Better Health: Smart Health Commentary Better Health (TM): smart health commentary

Article Comments

Are Free Drug Samples A Good Idea?


Most doctors have a closet in their office filled with various pharmaceutical samples. The pharmaceutical industry has had “drug reps” or account reps or pharmaceutical sales staff making the rounds on doctors offices in every city and town across the United States for decades. The industry spent $33.5 billion promoting drugs and sending reps to doctors offices with samples in 2004. That is a lot of samples!

Most of us thought we were doing the right thing for our patients when we accepted drug samples. I was able to give patients a month (or more) free to make sure it worked and that they tolerated it. Other patients had no insurance and I supplied them with all of their medication for free from my sample closet. I had a good relationship with the rep and they kept my office stocked with the medication my patients needed. It seemed like a win-win for everyone.

But new information is coming out that makes me take pause. A 2008 study published in Medical Care said that patients who got samples paid $66 more over six months than patients who did not get free samples. Are physicians influenced to prescribe high cost, brand name drugs rather than cheaper generics? With Americans spending $200 billion in prescription drugs in 2002, it serves the pharmaceutical giants well to give out samples and potentially influence those choices.

When physicians are interviewed, they all say the samples, free pens and sales pitch does not influence their prescribing habits. No one likes to think they are influenced when they accept samples and when queried, they say they are choosing the best drug for the patient.

The bans on accepting samples are coming from hospitals and academic institutions, not from physicians who are actually seeing patients day in and day out in their offices. The AMA and the American Academy of Family Physicians say it is OK for physicians to dispense free samples. But more and more academic institutions along with Kaiser Health Plans are banning sales reps completely.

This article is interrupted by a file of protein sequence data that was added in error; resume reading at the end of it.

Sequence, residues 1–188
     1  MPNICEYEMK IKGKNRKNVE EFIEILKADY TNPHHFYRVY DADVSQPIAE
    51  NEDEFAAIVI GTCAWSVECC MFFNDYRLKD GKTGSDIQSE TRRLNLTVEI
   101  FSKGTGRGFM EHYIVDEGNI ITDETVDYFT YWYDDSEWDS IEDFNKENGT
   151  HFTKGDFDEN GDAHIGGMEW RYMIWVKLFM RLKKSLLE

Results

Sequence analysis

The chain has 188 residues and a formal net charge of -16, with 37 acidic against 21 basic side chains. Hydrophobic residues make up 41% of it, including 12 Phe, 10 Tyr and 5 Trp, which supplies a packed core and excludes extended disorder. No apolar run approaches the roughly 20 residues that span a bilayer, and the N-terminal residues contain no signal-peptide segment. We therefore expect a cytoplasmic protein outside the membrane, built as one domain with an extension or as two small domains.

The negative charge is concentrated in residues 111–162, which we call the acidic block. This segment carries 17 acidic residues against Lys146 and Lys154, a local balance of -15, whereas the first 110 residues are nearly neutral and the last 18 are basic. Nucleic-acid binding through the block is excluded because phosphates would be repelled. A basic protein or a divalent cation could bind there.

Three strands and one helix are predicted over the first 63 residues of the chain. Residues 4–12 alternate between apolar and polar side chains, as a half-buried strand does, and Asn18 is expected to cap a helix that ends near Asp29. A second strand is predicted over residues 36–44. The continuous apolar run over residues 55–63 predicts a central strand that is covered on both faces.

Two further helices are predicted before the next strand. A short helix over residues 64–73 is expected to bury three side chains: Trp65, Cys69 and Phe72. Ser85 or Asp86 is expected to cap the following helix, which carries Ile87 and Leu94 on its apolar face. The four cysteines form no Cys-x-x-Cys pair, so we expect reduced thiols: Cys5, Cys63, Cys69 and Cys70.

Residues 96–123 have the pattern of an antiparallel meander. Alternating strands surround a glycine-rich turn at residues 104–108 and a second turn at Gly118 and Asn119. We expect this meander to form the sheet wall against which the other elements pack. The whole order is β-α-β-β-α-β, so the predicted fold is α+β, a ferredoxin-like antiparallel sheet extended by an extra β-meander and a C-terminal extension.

Everybody likes something for free. We just need to make sure it isn’t free today…more costly tomorrow.

*This blog post was originally published at EverythingHealth*


You may also like these posts

Read comments »


Comments are closed.

Return to article »

Latest Interviews

IDEA Labs: Medical Students Take The Lead In Healthcare Innovation

It’s no secret that doctors are disappointed with the way that the U.S. healthcare system is evolving. Most feel helpless about improving their work conditions or solving technical problems in patient care. Fortunately one young medical student was undeterred by the mountain of disappointment carried by his senior clinician mentors…

Read more »

How To Be A Successful Patient: Young Doctors Offer Some Advice

I am proud to be a part of the American Resident Project an initiative that promotes the writing of medical students residents and new physicians as they explore ideas for transforming American health care delivery. I recently had the opportunity to interview three of the writing fellows about how to…

Read more »

See all interviews »

Latest Cartoon

See all cartoons »

Latest Book Reviews

Book Review: Is Empathy Learned By Faking It Till It’s Real?

I m often asked to do book reviews on my blog and I rarely agree to them. This is because it takes me a long time to read a book and then if I don t enjoy it I figure the author would rather me remain silent than publish my…

Read more »

The Spirit Of The Place: Samuel Shem’s New Book May Depress You

When I was in medical school I read Samuel Shem s House Of God as a right of passage. At the time I found it to be a cynical yet eerily accurate portrayal of the underbelly of academic medicine. I gained comfort from its gallows humor and it made me…

Read more »

Eat To Save Your Life: Another Half-True Diet Book

I am hesitant to review diet books because they are so often a tangled mess of fact and fiction. Teasing out their truth from falsehood is about as exhausting as delousing a long-haired elementary school student. However after being approached by the authors’ PR agency with the promise of a…

Read more »

See all book reviews »